Wednesday: Twilight Robbery by Frances Hardinge, reviewed by Martin Lewis
Friday: Swamplandia! by Karen Russell, reviewed by Chris Kammerud

5/30/11

Perfectly Herself: A discussion of the work of Carol Emshwiller, by Ursula K. Le Guin, Helen Merrick, Pat Murphy, and Gary K. Wolfe
Article.
After a career of many phases, she's found a comfortable way to synthesize all of them, making her all over again the proverbial writer to watch. I don't know if there's another 90 year old author anywhere about whom that could be said.
The Emshwillerians, by Karen Joy Fowler
Column.
Recently I've begun to notice elements, techniques, and viewpoints from Carol's writing in more places than my own stories. For decades, Carol has primarily been published as a science fiction writer. My impression is that, while always admired and often beloved, her work was seen as essentially idiosyncratic. Whatever it was she was doing, she was doing it alone, and off in her own brilliant little corner of the field. She is the sort of writer to whom the word "quirky" is applied. "A writer's writer." "A cult favorite."
Introduction to After All, by Gavin J. Grant
Fiction.
Introduction to this week's reprinted story.
After All, by Carol Emshwiller
Fiction.
I was thinking to write a story about somebody who needs to change (the best sort of character to write about), and all of a sudden I knew it was me who had to change. Always had been, and I didn't realize it until that very minute. So I have to be the one to go on a journey, either of discovery or in order to avoid myself.
Waking the Red Guardian, by WC Roberts
Poetry.
tendrils of fiber optics from torn sheet metal / dripping visions of worlds to come
Reviews for the week of
Review.
Monday: The Collected Stories of Carol Emshwiller, Volume 1, reviewed by L. Timmel Duchamp
Wednesday: Carmen Dog by Carol Emshwiller, reviewed by Paul Kincaid
Friday: Ledoyt and Leaping Man Hill by Carol Emshwiller, reviewed by Maureen Kincaid Speller

5/23/11

Dice and D-Pads: Fannish Enthusiasm, by Robyn Fleming
Column.
I've been a little hesitant to read all my feeds, expecting a Portal 2-related explosion. And there's been one. But, interestingly, none of what has been scrolling across my feeds is actually about the game. I know people are playing it; I can infer from the lack of disappointed commentary that they're enjoying it (my friends tend to be a little more vocal about the things they dislike than anything else during a first playthrough of a new game). But what my friends are actually posting about isn't the game itself, but rather fanworks inspired by the Portal franchise.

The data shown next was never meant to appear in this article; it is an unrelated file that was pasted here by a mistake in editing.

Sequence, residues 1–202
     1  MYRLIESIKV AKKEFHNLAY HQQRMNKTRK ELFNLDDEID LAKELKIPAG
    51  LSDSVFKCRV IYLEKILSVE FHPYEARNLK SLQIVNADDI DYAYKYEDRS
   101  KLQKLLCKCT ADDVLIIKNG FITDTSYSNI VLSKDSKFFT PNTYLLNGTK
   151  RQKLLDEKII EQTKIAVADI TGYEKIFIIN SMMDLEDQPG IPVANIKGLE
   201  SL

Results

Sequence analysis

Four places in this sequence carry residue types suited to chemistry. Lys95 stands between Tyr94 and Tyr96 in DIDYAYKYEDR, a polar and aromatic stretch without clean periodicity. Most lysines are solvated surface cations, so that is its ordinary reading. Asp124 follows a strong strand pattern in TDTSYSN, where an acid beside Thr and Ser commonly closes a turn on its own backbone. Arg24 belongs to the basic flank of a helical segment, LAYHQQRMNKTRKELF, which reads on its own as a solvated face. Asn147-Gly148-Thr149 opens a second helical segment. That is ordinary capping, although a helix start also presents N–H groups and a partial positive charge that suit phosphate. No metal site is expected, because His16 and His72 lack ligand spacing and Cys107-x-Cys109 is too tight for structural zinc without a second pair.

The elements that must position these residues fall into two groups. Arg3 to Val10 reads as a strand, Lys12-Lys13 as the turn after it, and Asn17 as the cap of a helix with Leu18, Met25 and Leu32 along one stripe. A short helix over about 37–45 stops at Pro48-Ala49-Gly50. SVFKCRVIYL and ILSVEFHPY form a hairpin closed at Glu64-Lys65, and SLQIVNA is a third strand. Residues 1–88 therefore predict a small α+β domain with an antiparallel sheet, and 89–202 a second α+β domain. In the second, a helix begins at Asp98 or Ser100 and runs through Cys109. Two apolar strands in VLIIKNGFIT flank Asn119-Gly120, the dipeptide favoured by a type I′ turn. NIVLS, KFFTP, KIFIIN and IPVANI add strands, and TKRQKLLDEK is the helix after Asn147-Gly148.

If Alice. . ., by Alexandra Seidel
Poetry.
If Alice had been born in China / her feet would have been bound
Reviews for the week of
Review.
Monday: Evaporating Genres: Essays on Fantastic Literature by Gary K. Wolfe, reviewed by Matthew Cheney
Wednesday: Harbinger of the Storm by Aliette de Bodard, reviewed by Duncan Lawie
Friday: Son of Heaven by David Wingrove, reviewed by Nader Elhefnawy

5/16/11

Lexias: Joanna Russ, by Matthew Cheney
Column.
Joanna Russ died a week ago as I write this. Or, to be more accurate: Joanna Russ died a week ago as I struggle to write this. I thought I might collect some of her sentences and frame them with my own as a memorial, but once I started rereading her works, I got stuck. It'll be easy, I told myself. Just find some good passages and proclaim their wonders and note what we've lost in losing Russ and— And easier thought than done.
The Holder's Black-Haired Daughter, by Kelly Jennings
Fiction.
This is a story you can hear told through all the stations over there by the Drift and just beyond, and if you put a gun to my head I would not swear to you one way or another whether it is a true story, but it is true enough. It will do.
Mythical Cities of Southwestern Minnesota, by Megan Kurashige
Poetry.
And still we crossed it in the dark: / Like ships, like mail, like the blind—
Reviews for the week of
Review.
Monday: What I Didn't See and Other Stories by Karen Joy Fowler, reviewed by T. S. Miller
Wednesday: Ice Trilogy by Vladimir Sorokin, reviewed by Michael Froggatt
Friday: Subterranean Tales of Dark Fantasy 2, edited by William Shafer, reviewed by Niall Alexander

5/9/11

Intertitles: "A Strange and Savage Beauty": Carlos Saura's Flamenco Trilogy, by Genevieve Valentine
Column.
Dance—an art form whose energy, grace, and wordless emotion could have been designed expressly for film—has often served as a cinematic gateway drug to the surreal and supernatural.
Young Love on the Run from the Federal Alien Administration New Mexico Division (1984), by Grant Stone